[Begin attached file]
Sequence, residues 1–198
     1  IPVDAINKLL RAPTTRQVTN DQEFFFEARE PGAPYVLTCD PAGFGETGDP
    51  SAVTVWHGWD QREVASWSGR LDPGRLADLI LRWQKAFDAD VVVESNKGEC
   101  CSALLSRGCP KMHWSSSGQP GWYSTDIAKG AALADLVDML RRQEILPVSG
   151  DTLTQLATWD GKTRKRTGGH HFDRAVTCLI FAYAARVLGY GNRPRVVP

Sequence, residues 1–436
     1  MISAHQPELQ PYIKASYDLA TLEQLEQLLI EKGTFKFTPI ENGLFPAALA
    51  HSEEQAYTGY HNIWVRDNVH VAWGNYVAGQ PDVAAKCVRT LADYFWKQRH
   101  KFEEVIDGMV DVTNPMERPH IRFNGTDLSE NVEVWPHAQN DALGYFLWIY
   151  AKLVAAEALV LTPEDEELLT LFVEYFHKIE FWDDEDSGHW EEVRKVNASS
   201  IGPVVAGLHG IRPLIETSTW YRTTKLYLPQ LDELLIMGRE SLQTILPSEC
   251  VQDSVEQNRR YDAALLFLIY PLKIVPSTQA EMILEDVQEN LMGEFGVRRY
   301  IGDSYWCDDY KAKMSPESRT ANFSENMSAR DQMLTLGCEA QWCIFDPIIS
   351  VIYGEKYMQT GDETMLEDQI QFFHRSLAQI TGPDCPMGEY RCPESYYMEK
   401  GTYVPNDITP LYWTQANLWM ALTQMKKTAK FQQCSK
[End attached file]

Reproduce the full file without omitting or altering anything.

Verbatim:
Sequence, residues 1–198
     1  IPVDAINKLL RAPTTRQVTN DQEFFFEARE PGAPYVLTCD PAGFGETGDP
    51  SAVTVWHGWD QREVASWSGR LDPGRLADLI LRWQKAFDAD VVVESNKGEC
   101  CSALLSRGCP KMHWSSSGQP GWYSTDIAKG AALADLVDML RRQEILPVSG
   151  DTLTQLATWD GKTRKRTGGH HFDRAVTCLI FAYAARVLGY GNRPRVVP

Sequence, residues 1–436
     1  MISAHQPELQ PYIKASYDLA TLEQLEQLLI EKGTFKFTPI ENGLFPAALA
    51  HSEEQAYTGY HNIWVRDNVH VAWGNYVAGQ PDVAAKCVRT LADYFWKQRH
   101  KFEEVIDGMV DVTNPMERPH IRFNGTDLSE NVEVWPHAQN DALGYFLWIY
   151  AKLVAAEALV LTPEDEELLT LFVEYFHKIE FWDDEDSGHW EEVRKVNASS
   201  IGPVVAGLHG IRPLIETSTW YRTTKLYLPQ LDELLIMGRE SLQTILPSEC
   251  VQDSVEQNRR YDAALLFLIY PLKIVPSTQA EMILEDVQEN LMGEFGVRRY
   301  IGDSYWCDDY KAKMSPESRT ANFSENMSAR DQMLTLGCEA QWCIFDPIIS
   351  VIYGEKYMQT GDETMLEDQI QFFHRSLAQI TGPDCPMGEY RCPESYYMEK
   401  GTYVPNDITP LYWTQANLWM ALTQMKKTAK FQQCSK